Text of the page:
- The soldier’s leg is saved. After approximately one hour of simple guidance, the surgery – a typical and uncomplicated procedure for an experienced doctor – is successfully completed.
Here is the video that STAR project has made – don’t mind the poor quality of the animation:
However much this may seem simple and straightforward, there are a few issues that may occur. First of all, the tablet and its camera need to be perfectly held in place right between the patient and the man performing the operation. This means that a robotic arm is needed to keep it steady. As you may already know, surgery is an extremely delicate procedure. Even the slightest deviation from the original instruction could have catastrophic consequences.
Second of all, for the same reasons, those performing the operation must not divert their attention from the instructions that appear on the tablet. And also, the tablet needs to keep the annotations in perfect alignment. This means devising an algorithm that understands what surrounds the annotation, and keeps it perfectly aligned with it.
Voicu Popescu, the computer science professor form Purdue who has helped with the STAR, says that the project is very far from its completion. The first thing they desperately need is a way to integrate depth of field into the equation, as current cameras (like those on a Samsung Galaxy Tab) are really quite poor for the job.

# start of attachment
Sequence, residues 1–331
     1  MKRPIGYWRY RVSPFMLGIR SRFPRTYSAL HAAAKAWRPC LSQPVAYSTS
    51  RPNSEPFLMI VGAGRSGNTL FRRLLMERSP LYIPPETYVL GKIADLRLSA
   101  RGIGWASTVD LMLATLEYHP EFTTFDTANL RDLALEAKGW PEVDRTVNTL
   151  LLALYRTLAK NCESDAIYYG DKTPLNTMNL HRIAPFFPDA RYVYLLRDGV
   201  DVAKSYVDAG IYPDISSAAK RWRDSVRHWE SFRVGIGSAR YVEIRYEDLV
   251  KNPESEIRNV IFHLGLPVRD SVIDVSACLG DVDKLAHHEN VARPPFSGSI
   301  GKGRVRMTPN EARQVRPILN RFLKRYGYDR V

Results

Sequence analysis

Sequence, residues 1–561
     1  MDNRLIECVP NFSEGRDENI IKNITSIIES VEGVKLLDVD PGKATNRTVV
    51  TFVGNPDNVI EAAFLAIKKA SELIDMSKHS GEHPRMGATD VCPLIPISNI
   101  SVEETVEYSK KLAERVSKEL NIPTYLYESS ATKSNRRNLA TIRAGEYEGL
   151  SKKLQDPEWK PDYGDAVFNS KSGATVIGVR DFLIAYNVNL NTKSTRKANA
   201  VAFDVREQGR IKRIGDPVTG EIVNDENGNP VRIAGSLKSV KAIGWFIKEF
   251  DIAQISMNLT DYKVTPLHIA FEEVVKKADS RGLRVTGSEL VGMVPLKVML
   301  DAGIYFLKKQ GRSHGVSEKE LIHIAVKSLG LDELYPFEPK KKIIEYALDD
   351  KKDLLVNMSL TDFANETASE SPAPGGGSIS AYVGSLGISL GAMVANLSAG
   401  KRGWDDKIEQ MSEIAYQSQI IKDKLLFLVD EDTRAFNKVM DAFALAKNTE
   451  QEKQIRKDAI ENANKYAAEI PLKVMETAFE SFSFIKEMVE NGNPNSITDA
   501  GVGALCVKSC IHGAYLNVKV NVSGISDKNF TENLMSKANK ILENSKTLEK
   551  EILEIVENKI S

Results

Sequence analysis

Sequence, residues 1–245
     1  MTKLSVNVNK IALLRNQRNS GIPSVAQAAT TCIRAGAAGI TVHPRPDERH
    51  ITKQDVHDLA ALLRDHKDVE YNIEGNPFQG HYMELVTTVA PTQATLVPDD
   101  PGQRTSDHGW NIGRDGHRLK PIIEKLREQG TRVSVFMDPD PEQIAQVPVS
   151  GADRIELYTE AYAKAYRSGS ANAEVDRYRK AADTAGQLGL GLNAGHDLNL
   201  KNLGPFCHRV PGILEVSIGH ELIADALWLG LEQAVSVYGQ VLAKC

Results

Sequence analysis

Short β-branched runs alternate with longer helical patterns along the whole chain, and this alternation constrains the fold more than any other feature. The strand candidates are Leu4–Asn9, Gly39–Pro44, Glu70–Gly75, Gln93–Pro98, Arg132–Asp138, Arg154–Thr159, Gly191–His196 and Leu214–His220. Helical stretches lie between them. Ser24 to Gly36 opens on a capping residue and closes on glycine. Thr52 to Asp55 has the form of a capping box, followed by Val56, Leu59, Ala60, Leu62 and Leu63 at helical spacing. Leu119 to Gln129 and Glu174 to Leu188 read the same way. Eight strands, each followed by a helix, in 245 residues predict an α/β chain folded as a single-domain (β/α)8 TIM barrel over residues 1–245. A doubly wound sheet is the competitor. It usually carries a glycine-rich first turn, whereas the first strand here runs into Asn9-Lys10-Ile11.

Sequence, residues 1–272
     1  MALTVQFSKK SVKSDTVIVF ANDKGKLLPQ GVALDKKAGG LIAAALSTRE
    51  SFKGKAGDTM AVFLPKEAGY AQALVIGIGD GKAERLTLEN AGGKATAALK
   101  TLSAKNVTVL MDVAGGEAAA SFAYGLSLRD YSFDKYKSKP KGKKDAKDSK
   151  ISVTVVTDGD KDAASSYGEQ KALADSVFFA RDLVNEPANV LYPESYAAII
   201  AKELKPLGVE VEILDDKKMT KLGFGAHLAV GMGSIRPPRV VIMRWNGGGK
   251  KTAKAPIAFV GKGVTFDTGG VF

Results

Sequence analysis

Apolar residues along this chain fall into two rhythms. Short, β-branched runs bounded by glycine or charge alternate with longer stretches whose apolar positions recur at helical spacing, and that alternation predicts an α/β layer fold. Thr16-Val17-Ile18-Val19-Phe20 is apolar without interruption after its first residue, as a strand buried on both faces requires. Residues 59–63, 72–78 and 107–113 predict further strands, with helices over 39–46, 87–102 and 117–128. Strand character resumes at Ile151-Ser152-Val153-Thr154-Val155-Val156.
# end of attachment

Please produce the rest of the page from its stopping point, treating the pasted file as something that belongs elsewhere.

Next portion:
The researchers have also tested this with Google Glass and with similar results.
One other problem may stem from the fact that, given the fact that the hands need to operate around the tablet, the surgeon has less control over what he is doing. Also, his hands may end up completely covering up the camera – which may indeed be counterproductive.
Still, Popescu is hopeful. He and his team have taken the very important big first step into the right direction. He says that the data they have now looks extremely promising. They have gathered these results throughout a series of test operations performed on dummies and on small animals. The ultimate applicability of this system will be with field hospitals, or with rural area hospitals which don’t have sufficiently skilled surgeons to complete the more complicated operations.
The question remains: when will be seeing Google, or any other giant tech company for that matter, buying a start-up like this? The current project was funded by the US Department of Defense – which I’m sure did not give too much money into something like this. The fundamental issue with modern technology remains the same: utility is sacrificed for the sake of entertainment.
The precision displayed in the video by Magic Leap is indeed astonishing. And the depth of field is more than premium. Just imagine what a start-up like STAR Project could do if it had the technological prowess of Google’s recent big investment. Unfortunately, until that day, we can only dream of the augmented reality applications in surgery and in medicine in general.